185/365 – Meditation Games #185 – One Last Cat Day

Developer: Justin Forcier

Launcher Quote: “Our cat Cloey had an aggressive type of cancer and took a turn for the worse very quickly on July 3rd. We were worried that she would have to suffer and be in pain until the 5th, since July 4th was a federal holiday. Thankfully we found someone who provided home euthanasia and they were available on the 4th.

Cloey joined my family on my 13th birthday and we grew up together over 14 years. We had moved across state to college together and later moved across the country together.

My fiance and I spent our last day together with her on our balcony, her favorite spot. It was sunny and beautiful outside, and the birds were chirping.”

There’ve been a few Meditation Games entries that have zeroed in on the fact that pets are family, and are to be treated as such, but few of them handle the end of a pet’s life with such simple peace and grace. When the end is near for a pet, owners sense it. They know in their bones, in their heart that their long-time companion is on their final legs, and as they tend to try to cope with it, many owners have different types of reactions, though most if not all of them suffer emotionally with the prospect of it being the end. This is especially true if the pet has been around through different phases and parts of an owner’s life, and that both of them have grown up together because of it.

The developer for this entry chose to be at peace with the fact that their pet was nearing the end of her life. Even though it was painful and anxiety-inducing to see it coming, and to not be able to do anything at first until past a holiday, the fact that this entry showed what they did on their cat’s last day together in terms of enjoying one another’s company one last time as well as a few simple actions taken was a way to bring closure and be at peace with what was going to happen.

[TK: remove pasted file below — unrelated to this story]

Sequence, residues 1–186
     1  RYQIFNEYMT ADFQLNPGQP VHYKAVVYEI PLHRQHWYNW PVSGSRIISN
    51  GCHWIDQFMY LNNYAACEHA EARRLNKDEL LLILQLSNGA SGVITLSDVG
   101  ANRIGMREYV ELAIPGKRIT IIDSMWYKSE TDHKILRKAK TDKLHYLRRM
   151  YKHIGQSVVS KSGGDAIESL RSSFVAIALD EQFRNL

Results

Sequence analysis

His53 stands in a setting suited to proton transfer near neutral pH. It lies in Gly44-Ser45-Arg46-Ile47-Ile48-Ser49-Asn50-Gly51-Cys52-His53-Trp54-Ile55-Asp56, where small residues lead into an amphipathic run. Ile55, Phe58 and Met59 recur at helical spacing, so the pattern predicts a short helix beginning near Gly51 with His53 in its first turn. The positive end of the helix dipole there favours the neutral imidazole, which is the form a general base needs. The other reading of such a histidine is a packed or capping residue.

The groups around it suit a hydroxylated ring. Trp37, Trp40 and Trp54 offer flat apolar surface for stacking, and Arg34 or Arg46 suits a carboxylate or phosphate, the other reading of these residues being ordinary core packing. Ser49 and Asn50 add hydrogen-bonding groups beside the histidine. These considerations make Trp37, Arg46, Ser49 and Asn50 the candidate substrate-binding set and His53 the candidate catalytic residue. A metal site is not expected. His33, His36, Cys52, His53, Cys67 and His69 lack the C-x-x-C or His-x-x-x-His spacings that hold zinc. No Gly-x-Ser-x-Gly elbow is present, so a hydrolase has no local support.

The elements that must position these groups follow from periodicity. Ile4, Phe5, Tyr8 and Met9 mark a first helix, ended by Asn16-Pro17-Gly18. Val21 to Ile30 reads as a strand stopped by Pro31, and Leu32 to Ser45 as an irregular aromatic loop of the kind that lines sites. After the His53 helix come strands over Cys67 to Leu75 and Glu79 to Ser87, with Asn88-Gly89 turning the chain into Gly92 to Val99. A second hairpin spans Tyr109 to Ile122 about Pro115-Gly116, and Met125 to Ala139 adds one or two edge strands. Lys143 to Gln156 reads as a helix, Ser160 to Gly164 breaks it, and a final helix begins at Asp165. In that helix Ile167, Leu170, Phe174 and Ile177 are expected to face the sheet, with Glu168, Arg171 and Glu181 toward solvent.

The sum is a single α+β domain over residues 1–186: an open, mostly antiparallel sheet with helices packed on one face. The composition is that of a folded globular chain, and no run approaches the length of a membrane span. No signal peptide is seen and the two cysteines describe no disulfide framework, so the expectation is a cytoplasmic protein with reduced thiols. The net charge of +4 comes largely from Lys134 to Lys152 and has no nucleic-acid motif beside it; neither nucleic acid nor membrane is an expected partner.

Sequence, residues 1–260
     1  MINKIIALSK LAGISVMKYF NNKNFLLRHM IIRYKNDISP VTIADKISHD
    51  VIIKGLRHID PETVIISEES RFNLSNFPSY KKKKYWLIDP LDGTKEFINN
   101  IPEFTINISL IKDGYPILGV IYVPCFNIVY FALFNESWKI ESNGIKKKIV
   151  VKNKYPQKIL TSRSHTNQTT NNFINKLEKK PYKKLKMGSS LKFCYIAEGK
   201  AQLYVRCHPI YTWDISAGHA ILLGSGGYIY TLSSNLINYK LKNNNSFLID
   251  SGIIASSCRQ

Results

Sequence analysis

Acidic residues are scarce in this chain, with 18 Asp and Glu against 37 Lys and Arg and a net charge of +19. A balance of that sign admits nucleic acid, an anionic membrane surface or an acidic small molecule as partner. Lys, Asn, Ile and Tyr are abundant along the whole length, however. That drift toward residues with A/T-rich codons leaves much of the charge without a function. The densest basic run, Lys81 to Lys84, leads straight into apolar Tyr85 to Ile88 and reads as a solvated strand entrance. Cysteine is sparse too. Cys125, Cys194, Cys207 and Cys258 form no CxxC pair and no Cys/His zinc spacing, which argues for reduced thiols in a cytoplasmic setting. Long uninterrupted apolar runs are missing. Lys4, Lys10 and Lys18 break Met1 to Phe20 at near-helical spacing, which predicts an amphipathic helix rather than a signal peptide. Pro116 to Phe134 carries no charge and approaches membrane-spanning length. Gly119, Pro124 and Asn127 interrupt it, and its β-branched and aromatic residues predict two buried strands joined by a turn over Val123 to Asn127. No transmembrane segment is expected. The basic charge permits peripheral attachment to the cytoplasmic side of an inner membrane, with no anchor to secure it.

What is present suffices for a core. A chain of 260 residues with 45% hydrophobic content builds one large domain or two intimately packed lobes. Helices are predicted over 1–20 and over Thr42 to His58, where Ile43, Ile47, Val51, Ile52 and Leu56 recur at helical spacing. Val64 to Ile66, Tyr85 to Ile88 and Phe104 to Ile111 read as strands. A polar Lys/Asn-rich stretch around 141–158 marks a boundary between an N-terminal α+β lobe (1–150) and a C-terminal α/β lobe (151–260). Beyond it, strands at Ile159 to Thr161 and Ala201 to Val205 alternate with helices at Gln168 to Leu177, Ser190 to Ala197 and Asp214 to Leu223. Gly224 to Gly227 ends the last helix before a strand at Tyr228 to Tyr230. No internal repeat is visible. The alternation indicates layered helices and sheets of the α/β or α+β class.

Nothing really helps the initial pain of losing a beloved pet from your life – the vacancy they leave is very keenly felt in the first little while after it’s all over. But things like creating a game dedicated to the best parts of spending time with them does help to dull the pain just a little bit. It also serves as a permanent homage, a tribute to what they were, giving something at least a little tangible to hold onto in order to both deal with the lack of their tangible presence and deal with the inevitable, intangible pain. It’s in this way that I think that the coping gets a little bit better, and that the pain that threatens to overwhelm a pet owner who loses their pet gets held back, at least for a little while longer.


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